Inspections, Compliance, Enforcement, and Criminal Investigations
Lyrek Farms 22-Apr-04
Department of Health and Human Services
Public Health Service
Minneapolis District Office
April 22, 2004
RETURN RECEIPT REQUESTED
Refer to MIN 04 - 24
Kenneth J. Lyrek
E 9358 1410th Ave
Chetek, Wisconsin 54728
Dear Mr. Lyrek:
On February 18-20, 2004, investigators from the Food and Drug Administration (FDA) conducted an inspection at your dairy operation located at 12548 - 930th Street, New Auburn, WI. That inspection confirmed that you offered a dairy cow for sale for slaughter as food in violation of Sections 402(a)(2)(C)(ii) and 402(a)(4) of the Federal Food, Drug and Cosmetic Act (the Act). You also caused the adulteration of an animal drug because the drug was used in a manner that does not conform to its approved use or the extralabel use regulations at Title 21, Code of Federal Regulations, Part 530 (21 CFR 530, copy enclosed). This caused the animal drug to be unsafe under Section 512(a) of the Act and adulterated within the meaning of Section 501(a)(5) of the Act.
On or about October 27, 2003, you sold a cow for slaughter as human food through [redacted]. Our inspection documented that you use penicillin to medicate animals at your dairy operation. United States Department of Agriculture (USDA) analysis of tissue samples collected from the animal that you sold identified the presence of 0.34 ppm penicillin in the kidney. A tolerance of 0.05 ppm has been established for residues of penicillin in the uncooked edible tissues of cattle (21 CFR 556.510, copy enclosed). The presence of this drug in edible tissue from this animal causes the food to be adulterated within the meaning of Section 402(a)(2)(C)(ii) of the Act.
Our investigation also found that you hold animals under conditions that are inadequate to prevent animals bearing potentially harmful drug residues from entering the food supply. For example, you do not maintain medication records to avoid unsafe residues. You also lack an adequate system for assuring that drugs are not used in a manner contrary to the labeled directions and for assuring that animals medicated by you have been withheld from slaughter for appropriate periods of time to permit depletion of potentially hazardous residues of drugs from edible tissues. Foods from animals held under such conditions are adulterated within the meaning of Section 402(a)(4) of the Act.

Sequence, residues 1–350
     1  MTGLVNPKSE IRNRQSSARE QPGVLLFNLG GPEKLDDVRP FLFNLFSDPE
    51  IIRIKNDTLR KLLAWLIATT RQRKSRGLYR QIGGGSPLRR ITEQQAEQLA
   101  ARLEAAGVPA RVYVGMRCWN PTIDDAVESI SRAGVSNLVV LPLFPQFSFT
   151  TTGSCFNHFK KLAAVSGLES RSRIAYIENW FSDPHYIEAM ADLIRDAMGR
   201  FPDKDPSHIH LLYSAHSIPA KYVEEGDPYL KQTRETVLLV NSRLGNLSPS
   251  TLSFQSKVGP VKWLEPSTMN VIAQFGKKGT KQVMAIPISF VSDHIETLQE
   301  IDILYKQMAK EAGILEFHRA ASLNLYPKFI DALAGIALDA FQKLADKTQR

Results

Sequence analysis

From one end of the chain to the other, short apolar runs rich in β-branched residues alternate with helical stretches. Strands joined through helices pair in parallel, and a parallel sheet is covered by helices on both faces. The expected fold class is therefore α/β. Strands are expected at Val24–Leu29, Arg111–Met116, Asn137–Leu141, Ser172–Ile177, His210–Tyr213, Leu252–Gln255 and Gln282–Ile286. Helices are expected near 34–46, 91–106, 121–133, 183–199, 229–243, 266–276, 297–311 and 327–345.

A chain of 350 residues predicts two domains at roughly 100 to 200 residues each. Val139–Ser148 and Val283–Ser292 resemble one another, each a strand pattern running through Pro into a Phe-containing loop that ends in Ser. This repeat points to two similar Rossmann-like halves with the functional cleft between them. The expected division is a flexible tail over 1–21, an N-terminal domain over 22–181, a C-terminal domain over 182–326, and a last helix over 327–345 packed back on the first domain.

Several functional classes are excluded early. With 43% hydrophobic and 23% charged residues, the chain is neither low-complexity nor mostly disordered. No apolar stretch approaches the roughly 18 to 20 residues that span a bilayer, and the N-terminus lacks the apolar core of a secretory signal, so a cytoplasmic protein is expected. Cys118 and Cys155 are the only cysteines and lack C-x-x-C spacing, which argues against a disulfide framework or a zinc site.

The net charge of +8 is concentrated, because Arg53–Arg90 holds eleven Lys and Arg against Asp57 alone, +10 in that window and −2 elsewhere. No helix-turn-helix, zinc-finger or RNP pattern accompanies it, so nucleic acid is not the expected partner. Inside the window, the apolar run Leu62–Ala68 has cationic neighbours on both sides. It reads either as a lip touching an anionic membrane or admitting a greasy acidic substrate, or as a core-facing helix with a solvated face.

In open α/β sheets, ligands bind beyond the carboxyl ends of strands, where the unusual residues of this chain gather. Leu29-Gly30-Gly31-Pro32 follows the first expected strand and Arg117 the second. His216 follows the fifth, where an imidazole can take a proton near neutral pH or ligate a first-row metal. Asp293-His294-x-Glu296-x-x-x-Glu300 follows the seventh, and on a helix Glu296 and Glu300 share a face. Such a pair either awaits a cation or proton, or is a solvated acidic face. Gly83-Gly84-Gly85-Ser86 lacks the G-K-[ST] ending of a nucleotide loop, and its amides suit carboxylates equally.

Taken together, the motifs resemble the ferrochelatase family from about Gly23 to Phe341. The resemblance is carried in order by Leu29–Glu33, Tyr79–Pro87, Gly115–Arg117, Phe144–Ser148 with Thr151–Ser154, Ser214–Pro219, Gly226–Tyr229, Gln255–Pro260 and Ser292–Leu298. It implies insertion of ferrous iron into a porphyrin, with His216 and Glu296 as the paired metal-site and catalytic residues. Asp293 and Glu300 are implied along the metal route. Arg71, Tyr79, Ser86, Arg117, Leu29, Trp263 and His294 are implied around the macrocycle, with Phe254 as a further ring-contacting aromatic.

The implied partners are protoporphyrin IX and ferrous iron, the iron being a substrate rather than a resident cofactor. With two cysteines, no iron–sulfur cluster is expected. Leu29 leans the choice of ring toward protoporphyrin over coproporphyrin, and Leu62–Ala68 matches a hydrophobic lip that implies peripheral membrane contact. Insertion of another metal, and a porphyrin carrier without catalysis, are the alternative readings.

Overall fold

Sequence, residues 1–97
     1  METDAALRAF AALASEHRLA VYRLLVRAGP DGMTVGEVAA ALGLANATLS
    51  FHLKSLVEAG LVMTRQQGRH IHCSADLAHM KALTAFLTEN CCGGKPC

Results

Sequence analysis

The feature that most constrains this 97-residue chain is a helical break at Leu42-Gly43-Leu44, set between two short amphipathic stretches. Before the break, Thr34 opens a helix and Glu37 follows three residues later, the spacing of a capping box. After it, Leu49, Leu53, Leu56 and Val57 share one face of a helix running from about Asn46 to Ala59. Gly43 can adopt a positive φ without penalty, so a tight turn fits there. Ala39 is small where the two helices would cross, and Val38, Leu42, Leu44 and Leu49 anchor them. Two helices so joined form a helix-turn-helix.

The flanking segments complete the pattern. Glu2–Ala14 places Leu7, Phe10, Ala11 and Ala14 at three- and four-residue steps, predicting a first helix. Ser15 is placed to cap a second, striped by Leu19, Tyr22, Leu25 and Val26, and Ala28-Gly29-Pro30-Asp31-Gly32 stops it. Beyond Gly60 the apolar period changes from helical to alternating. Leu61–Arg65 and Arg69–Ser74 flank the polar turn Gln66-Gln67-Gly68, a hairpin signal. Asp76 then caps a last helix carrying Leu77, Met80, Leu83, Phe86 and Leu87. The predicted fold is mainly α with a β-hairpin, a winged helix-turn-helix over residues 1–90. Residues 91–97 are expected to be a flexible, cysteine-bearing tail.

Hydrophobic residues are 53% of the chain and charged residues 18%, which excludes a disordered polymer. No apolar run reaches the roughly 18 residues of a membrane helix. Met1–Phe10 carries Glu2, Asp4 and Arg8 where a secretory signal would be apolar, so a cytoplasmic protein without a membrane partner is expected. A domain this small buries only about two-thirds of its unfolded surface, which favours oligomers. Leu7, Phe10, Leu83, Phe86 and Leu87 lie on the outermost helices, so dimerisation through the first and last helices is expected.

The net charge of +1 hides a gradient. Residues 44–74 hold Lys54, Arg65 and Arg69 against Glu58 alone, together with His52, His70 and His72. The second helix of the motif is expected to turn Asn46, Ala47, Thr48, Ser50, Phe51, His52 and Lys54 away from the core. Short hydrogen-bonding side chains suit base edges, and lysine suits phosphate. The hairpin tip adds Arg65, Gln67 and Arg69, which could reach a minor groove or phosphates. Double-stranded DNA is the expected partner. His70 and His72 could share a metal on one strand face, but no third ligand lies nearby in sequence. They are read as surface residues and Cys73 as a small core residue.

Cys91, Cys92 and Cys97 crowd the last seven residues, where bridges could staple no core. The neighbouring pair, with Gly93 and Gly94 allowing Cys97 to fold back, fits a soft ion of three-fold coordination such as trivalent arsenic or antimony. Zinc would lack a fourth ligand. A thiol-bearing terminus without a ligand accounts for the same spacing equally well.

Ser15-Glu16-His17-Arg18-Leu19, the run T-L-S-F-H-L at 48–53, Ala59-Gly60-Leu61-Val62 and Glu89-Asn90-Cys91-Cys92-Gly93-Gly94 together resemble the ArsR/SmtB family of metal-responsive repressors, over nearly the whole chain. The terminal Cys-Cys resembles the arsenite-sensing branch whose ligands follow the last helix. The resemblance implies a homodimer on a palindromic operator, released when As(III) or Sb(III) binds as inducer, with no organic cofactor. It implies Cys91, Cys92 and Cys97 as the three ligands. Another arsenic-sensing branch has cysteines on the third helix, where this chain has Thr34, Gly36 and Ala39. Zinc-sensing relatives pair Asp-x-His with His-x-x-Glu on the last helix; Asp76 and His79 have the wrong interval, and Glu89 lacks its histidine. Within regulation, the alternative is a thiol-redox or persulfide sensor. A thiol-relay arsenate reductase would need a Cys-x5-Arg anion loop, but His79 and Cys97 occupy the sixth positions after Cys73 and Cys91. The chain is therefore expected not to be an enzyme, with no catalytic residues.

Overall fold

The above is not intended to be an all-inclusive list of violations. As a producer
of animals offered for use as food, you are responsible for ensuring that your
operations and the foods you distribute are in compliance with the law. You
should take prompt action to correct the above violations and to establish procedures
whereby such violations do not occur. Failure to do so may result in regulatory
action (such as seizure or injunction) without further notice to you.
It is not necessary for you to personally ship an adulterated animal in interstate commerce to be held responsible for a violation of the Act. The fact that you offered an animal for sale to a slaughterhouse that ships in interstate commerce is sufficient to hold you responsible for a violation of the Act.
You should notify this office in writing within 15 working days of receipt of this letter of the steps you have taken to bring your dairy operation into compliance with the law. Your response should include each step that has been taken or will be taken to correct the violations and prevent their recurrence. If corrective action cannot be completed within 15 working days, state the reason for the delay and the time frame within which the corrections will be completed. Please include copies of any available documentation that corrections have been made.
Your reply should be directed to Compliance Officer Brian D. Garthwaite, Ph.D.
at the address indicated on the letterhead.
W. Charles Becoat